Wednesday, November 27, 2002
This week, Lions Club Foundation’s Thanksgiving bundle opened up, creating a uniquely Hood River cornucopia of grants to local causes.
The 33 grants address elderly nutrition, health and safety equipment, toys for children, furniture for a women’s shelter, and other visible needs.
But the biggest grant from Lions will help with something that can’t be seen. A $10,339 grant to Hood River Fire Department will pay for the department’s thermal imaging camera — which sees in the dark and smoke.
“The camera can definitely be a lifesaver. It’s been credited with saving lives,” said Devon Wells, Hood River fire marshal. The camera “takes heat pictures,” Wells explained. “You can look right through smoke and see a crystal-clear black-and-white picture of a firefighter or victim and know right where they are.” The camera can also detect fire smoldering unseen inside walls, and to help find people in search and rescue operations, by detecting heat sources in the dark. The camera will be the second of its kind in Hood River County; Odell Fire Department already owns one.
Schools, the hospital, the Hood River County Museum, the county library and other public entities share in the wealth. So do fledgling groups such as Cascade Locks Interested in Kids, Big Brother/Big Sister Program, Helping Hands Against Violence, First Book, and Hood River Christmas Project.
As Bob Johnson, director of The Next Door, Inc., put it, “The kinds of things they (Lions Foundation) do locally aren’t matched anywhere in the state. It’s a local organization giving money to local projects in an amount that is certainly not something that has any peers anywhere else in the state. It’s quite remarkable for a small community to have this kind of charitable capacity.”
Johnson said the $3,927 grant to New Parent Services for parent education materials is “an example of something that allows us to reach the entire community.” The grant will pay for Spanish-language materials.
“It allows us to fully implement the best practices research-based things in that area that, were it not for the Lions Club, we wouldn’t be able,” Johnson said. “In the case of Nuestra Communidad Sana, (Our Healthy Community) they have the only domestic violence program specifically designed for the Latino community in this area, and given the hard times that have hit this community and the Spanish-speaking community more so, being able to continue to operate this domestic violence program is one of those things that really makes a community whole.” Johnson said there are many needs in the Hispanic community that would go unaddressed were it not for the Lions Club.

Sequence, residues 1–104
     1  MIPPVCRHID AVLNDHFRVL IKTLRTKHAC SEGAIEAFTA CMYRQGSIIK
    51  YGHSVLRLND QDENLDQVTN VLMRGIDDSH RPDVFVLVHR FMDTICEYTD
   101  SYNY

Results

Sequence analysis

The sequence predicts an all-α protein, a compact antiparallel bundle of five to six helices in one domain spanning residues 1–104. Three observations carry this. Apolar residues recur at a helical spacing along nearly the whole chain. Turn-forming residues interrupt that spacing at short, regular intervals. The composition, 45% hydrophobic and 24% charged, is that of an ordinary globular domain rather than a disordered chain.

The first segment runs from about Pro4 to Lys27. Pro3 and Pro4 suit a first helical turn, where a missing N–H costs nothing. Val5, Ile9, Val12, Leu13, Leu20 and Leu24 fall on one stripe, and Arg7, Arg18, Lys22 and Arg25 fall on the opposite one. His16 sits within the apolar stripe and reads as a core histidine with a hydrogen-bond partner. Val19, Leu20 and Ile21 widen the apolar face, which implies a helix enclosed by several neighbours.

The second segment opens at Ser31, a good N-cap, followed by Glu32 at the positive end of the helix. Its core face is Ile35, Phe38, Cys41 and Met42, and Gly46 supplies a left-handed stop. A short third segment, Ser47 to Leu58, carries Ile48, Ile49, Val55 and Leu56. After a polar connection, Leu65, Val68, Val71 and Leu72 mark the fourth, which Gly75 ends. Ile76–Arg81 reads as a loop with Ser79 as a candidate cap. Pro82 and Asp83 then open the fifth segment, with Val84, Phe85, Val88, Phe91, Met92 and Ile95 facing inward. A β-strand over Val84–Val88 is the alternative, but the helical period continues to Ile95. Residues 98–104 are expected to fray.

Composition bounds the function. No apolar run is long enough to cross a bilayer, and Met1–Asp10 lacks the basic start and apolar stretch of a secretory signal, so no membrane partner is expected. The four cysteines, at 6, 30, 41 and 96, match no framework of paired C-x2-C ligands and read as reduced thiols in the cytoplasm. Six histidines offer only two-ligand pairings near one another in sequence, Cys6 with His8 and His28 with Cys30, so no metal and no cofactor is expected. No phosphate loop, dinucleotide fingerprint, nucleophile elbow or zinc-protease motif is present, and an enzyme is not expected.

The Lions Foundation is the largest single charity in Hood River, its annual coffers averaging around $115,000. Hood River United Way isn’t far behind, with its 2002 campaign goal of $110,000. United Way volunteers have spent hours this fall meeting with businesses and other donor groups in their campaign toward that goal. Some overlap exists, but one of the niceties of the Lions grant program is that it either augments United Way or serves groups it does not.
The Foundation distributes a $2.1 million gift from an anonymous donor. For administering this generosity, the Lions deserve a hearty roar of gratitude for their sharing of the annual fund. Beyond that, the Lions’ list — it starts on page A1 — provides an excellent opportunity to review the type of needs in Hood River’s communities, and a wide glimpse at the works that need doing all year round.
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Governor visits Hood River during fire
Oregon Gov. Kate Brown visited Hood River Hotel Thursday morning, Sept. 14, discussing economic impacts of the Eagle Creek fire with local business leaders. Attendees included Sen. Chuck Thomsen, Mayor Paul Blackburn, and business representatives from Celilo Restaurant, Double Mountain Brewery and Cascade Locks' The Renewal Workshop. For updates on the fire, stay tuned at www.hoodrivernews.com. Enlarge